A lot or a little?
The parents' guide to what's in this book.
What parents need to know
Parents need to know that Charlotte Bronte's classic romantic novel does not contain "mature themes" in the modern sense, but it does require a mature reader to comprehend the characters' complex relationships and inner turmoil, and to take in the troubling events that occur: Children are abused and neglected; half of the students of Lowood School die of typhus, while the other half are malnourished and cold. Mental illness and adulterous affairs figure in the story, as well.
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What's the story?
When the novel begins, Jane Eyre is a 9-year-old orphan who is dependent on a heartless, widowed aunt, Mrs. Reed. Resentful of her late husband's affection for Jane, Mrs. Reed neglects her niece, then sends her to a \"charity school,\" Lowood, where students are raised on strict rules and a poor diet, ostensibly in preparation for a harsh life. In spite of these obstacles, Jane succeeds as a student and then as a teacher, and after nine years, leaves Lowood to serve as governess to Adele, the young ward of Edward Rochester, master of mysterious Thornfield Hall. At 18, Jane gets engaged to the stern and aloof Rochester, and on their wedding day, Jane learns his secret, which leads to her becoming an independent woman.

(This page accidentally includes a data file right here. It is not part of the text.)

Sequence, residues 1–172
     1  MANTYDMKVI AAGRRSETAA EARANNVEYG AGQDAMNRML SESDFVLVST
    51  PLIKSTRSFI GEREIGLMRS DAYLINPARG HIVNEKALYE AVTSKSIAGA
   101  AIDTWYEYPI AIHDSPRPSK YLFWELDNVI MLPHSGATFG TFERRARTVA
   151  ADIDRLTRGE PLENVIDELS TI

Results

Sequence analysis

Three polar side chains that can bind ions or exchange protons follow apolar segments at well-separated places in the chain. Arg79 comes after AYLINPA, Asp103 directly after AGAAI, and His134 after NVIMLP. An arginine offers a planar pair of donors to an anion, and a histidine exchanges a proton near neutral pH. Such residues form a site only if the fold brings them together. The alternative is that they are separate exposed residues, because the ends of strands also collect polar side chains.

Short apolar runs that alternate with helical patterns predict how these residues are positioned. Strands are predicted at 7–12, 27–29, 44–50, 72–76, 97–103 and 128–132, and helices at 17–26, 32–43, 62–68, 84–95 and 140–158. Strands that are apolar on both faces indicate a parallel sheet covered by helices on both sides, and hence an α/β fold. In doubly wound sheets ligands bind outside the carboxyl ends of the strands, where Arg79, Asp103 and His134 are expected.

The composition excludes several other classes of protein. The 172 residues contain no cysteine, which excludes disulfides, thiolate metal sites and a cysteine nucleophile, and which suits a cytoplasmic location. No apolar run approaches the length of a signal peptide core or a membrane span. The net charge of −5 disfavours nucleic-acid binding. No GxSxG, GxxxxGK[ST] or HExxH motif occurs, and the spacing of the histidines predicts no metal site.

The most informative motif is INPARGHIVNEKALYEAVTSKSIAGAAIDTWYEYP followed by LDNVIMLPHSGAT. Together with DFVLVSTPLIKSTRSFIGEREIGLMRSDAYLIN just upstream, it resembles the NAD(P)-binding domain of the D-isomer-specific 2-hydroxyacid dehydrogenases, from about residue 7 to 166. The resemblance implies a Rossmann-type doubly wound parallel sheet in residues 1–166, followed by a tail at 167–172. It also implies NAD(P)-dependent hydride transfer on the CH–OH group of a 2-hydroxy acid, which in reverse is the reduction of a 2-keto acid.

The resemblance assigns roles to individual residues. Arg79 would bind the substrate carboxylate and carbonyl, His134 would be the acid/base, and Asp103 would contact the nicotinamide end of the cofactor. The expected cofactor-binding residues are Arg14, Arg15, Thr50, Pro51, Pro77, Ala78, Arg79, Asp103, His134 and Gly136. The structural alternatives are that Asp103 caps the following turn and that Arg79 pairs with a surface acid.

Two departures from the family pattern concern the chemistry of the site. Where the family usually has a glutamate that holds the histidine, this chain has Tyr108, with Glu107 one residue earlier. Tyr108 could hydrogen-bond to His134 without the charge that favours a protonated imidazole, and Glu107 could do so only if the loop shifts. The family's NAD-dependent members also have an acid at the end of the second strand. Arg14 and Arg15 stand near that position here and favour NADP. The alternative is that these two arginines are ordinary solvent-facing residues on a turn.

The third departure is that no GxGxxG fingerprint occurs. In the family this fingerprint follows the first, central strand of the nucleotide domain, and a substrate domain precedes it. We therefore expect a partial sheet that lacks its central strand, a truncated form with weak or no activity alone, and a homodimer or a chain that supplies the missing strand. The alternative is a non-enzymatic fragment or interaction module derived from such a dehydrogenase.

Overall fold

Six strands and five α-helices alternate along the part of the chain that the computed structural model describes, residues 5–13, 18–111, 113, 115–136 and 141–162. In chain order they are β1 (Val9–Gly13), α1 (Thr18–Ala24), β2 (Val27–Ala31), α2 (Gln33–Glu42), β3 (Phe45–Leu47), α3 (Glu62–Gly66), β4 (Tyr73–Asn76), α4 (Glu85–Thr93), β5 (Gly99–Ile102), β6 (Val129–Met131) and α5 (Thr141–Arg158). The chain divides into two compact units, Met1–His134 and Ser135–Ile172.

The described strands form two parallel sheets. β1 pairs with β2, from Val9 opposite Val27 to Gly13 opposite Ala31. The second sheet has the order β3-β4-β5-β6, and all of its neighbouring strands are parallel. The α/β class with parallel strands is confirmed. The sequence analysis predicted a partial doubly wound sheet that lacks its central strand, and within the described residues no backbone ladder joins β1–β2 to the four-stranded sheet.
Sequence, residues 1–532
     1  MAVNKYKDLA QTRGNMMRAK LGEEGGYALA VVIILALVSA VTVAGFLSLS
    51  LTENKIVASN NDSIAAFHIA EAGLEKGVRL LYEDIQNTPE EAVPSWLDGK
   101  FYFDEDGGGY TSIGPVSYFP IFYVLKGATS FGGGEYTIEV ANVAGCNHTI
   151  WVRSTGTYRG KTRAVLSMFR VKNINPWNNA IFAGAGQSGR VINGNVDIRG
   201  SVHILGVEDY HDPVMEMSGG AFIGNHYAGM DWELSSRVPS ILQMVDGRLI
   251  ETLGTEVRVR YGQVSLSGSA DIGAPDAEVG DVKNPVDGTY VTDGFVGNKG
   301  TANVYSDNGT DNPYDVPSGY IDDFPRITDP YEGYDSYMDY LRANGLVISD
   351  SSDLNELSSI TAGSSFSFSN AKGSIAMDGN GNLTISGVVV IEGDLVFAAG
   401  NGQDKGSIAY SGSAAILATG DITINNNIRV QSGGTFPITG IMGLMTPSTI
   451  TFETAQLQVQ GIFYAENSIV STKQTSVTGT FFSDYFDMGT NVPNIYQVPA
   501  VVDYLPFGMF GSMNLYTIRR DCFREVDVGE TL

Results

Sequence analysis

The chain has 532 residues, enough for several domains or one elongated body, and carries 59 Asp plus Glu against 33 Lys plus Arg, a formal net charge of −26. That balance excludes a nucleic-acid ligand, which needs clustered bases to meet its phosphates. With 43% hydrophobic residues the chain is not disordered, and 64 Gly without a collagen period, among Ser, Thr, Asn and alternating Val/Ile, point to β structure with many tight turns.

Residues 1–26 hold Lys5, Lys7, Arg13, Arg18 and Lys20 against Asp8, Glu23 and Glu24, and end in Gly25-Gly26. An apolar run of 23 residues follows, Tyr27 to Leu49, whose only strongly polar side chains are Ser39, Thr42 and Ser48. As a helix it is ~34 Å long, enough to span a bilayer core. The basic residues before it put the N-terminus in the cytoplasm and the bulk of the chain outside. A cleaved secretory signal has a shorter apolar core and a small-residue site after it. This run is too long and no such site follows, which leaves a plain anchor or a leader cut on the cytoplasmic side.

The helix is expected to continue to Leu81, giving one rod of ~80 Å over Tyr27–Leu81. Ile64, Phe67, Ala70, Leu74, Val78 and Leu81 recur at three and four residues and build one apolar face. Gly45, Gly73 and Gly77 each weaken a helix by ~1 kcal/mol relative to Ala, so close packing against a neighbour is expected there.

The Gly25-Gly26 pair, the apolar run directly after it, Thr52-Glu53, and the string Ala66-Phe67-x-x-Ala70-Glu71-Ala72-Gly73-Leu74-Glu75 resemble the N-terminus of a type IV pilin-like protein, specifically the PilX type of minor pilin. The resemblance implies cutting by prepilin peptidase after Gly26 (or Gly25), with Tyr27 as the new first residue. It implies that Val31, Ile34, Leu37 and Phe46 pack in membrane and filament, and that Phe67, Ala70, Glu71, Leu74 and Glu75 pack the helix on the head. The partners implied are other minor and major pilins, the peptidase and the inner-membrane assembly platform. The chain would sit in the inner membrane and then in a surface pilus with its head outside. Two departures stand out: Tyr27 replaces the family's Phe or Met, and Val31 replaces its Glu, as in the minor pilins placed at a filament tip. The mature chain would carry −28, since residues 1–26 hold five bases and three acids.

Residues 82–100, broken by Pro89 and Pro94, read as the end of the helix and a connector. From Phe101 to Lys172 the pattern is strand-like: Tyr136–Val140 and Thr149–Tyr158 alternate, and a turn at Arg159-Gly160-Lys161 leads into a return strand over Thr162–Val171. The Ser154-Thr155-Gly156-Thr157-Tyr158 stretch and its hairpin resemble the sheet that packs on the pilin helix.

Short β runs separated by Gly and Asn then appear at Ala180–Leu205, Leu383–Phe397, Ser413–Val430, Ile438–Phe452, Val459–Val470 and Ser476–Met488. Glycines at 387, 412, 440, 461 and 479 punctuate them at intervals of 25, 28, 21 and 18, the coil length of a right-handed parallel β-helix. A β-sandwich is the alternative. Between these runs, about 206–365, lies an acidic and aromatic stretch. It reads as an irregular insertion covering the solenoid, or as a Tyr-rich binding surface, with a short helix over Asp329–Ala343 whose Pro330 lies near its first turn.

Is it any good?
Charlotte Bronte's classic romantic novel is simply one of the greatest works of English fiction. Jane's independence, fortitude, and intelligence render her one of literature's strongest female characters, and the passionate love between Jane and Rochester is a romance for the ages. Bronte's development of that relationship, set against the mysteries within Thornfield Hall, is peerless.
Talk to your kids about ...
Families can talk about the moral struggle that Jane faces when she learns Rochester's secret. Why does Jane feel she must leave Thornfield Hall?
Jane Eyre is as an unconventional heroine, a young woman ahead of her time. What makes Jane different from other female main characters in novels of Bronte's era -- from Jane Austen's women, for example? What makes Jane seem old-fashioned, and what makes her timeless?
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